My father came to visit last week. And since I haven’t been posting anything of consequence, I would like to take this opportunity to blame my blog’s dry spell on my Dad. You see, had I not been touring contemporary art museums, imbibing tequila shots (yes, with my father), and generally being the best tour guide known to man, I would probably have been sitting alone in my apartment, writing useful content.
Instead, all I have to show for my lack of posting is this pie. This lemon meringue pie, which tastes of love and summer, that I specifically prepared for the arrival of my father and the remains of which have been heartily consumed by my boyfriend since the departure of said father. People, I whipped this meringue by hand. With a whisk. That’s love. Don’t tell me it’s not until you’ve reached minute forty-five of meringue whipping. It should probably be noted that I don’t own any manner of electric beaters, but that makes no difference. By hand! By hand!
You should make a pie for someone that you love. People love pie. People love the fact that you baked them something. People love you. (Are my daddy issues showing? Just kidding. Kind of.) Either way, here’s what happened.
Day 1: I made the pie crust. I used a genius recipe for Vegan Flaky Pie Crust from VeganBaking.net, and it worked perfectly. If you follow the instructions exactly, you really do end up with a light, flaky crust. When they say chill your bowls & water prior to mixing your dough, do so. And especially make sure to chill the final, rolled out crust in the fridge right before putting it in the oven. Apparently a cool pie crust needs to hit a very hot oven to create the right type of chemistry. Either way, it’s delicious.
Day 2: I made the lemon curd and meringue, using my all-time favourite Canadian Living recipe. I’ve been using the same recipe, out of my Mom’s big, old, navy-blue, falling-apart book for years. The curd is perfect, and the meringue is not overly complicated.
For the Pie Crust:
Flaky Vegan Pie Crust (via VeganBaking.net)
Makes 2 crusts – I halved this recipe since lemon meringue pie only needs one crust!**
2 ½ cups all-purpose flour
2 Tablespoons sugar
1 teaspoon salt
¾ cup (1 ½ sticks) cold margarine, cut into ¼ inch cubes
½ cup (1 stick) cold vegetable shortening, cut into 4 pieces
6-8 Tbsp cold water
Through my baking endeavours, I’ve learned it’s best if everything is cool: your bowl, your ingredients, your hands. So I chilled my water and my bowl in the fridge for about 1/2 an hour before starting. This is my chilled bowl, with the flour, sugar and salt mixture.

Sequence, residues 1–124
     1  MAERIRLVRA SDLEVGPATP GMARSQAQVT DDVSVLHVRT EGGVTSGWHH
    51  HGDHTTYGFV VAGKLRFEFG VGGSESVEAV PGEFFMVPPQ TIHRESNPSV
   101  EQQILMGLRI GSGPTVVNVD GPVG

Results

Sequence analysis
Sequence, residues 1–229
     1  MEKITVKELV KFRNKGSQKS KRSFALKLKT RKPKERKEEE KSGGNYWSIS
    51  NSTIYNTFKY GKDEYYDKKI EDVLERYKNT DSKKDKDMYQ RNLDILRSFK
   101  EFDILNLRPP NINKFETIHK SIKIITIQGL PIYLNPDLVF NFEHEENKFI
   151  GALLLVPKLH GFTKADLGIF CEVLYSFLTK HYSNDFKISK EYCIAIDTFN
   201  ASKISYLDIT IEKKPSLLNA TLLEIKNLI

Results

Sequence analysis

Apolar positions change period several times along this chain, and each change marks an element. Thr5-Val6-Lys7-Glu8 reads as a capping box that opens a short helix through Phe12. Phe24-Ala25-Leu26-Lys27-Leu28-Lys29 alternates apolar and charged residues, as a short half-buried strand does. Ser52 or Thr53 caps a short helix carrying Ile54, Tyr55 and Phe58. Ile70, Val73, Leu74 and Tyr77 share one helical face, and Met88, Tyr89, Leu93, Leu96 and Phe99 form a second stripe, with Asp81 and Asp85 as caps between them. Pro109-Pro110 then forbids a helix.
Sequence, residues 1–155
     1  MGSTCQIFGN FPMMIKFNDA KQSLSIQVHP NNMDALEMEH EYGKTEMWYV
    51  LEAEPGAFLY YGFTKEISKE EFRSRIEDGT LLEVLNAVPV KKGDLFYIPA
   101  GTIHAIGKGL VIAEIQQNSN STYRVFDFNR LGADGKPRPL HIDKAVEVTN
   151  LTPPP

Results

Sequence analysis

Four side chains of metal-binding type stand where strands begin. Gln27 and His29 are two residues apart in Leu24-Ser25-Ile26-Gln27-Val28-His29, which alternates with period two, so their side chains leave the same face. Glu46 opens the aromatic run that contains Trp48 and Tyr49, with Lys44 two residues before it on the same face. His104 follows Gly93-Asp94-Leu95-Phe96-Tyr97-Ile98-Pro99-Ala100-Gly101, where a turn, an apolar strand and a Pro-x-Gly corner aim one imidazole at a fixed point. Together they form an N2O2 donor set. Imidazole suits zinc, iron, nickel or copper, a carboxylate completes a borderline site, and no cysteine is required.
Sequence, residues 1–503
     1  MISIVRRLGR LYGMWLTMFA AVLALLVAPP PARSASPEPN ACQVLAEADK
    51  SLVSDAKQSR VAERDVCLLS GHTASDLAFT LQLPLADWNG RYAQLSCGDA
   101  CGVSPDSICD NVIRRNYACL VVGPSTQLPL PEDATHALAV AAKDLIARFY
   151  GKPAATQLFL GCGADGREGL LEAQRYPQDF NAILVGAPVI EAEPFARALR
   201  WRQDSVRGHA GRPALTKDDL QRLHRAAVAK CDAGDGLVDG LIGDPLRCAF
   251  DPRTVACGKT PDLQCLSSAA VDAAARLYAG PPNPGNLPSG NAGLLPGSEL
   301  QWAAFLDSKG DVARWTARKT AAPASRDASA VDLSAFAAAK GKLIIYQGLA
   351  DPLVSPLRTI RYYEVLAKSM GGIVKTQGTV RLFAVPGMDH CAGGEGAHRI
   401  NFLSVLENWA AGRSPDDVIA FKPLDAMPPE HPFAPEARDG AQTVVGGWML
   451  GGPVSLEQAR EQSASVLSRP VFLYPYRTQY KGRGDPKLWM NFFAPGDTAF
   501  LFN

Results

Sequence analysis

This is the texture you’re looking for once you’ve cut in the shortening and margarine: coarse clumps? Sloppy and far from perfect. Perfect!
Add the water, mix with your cool hands (run under cold water for a minute or so) and then form a patty, wrap with plastic wrap, and chill for an hour or so.
Now, I took no photos of the rolling out of the dough, because I do not have that level of skill. Me rolling out pastry is an awful endeavor, complete with expletives, hands that are simultaneously greasy and floury, and a generally unpleasant “first rolling”. I had to package it back up, chill it, and try a second time. That’s how bad I am. Don’t be like me.
Once you’ve successfully gotten the crust in the plate: patch holes, flute edges, prick a bunch of holes with a fork, and then chill the crust for about 1/2 an hour. Preheat your oven to 425. Once the crust is chilled, set it on a cookie sheet, put your pie weights (I used uncooked rice) in tinfoil and place the tinfoil inside the crust. You should bake for 15 minutes, remove the foil, and then bake another 5-10 minutes. (For potentially clearer instructions, please see the original recipe!)
It should look something like this:
For the curd + meringue:
I think it’s probably better if I leave you with the recipe in it’s purest form: the Canadian Living recipe is pretty perfect. Head on over to their site to see their instructions, but here are a couple pictures of my “making-of”.
Unfortunately, I was running out the door to meet my dad right as I finished the pie, so I don’t have a beautiful shot of the whole, perfect thing. This will probably go down in history as the pie-that-got-away. I had to take photos of the least-ugly slices a few days later. Sorry!
Have you made any pies this summer? Anything memorable? Any tricks for rolling out the perfect pie crust? Let me know your favourite type of pie! Tell me a joke! Send a tip my way!
Always happy to hear from you,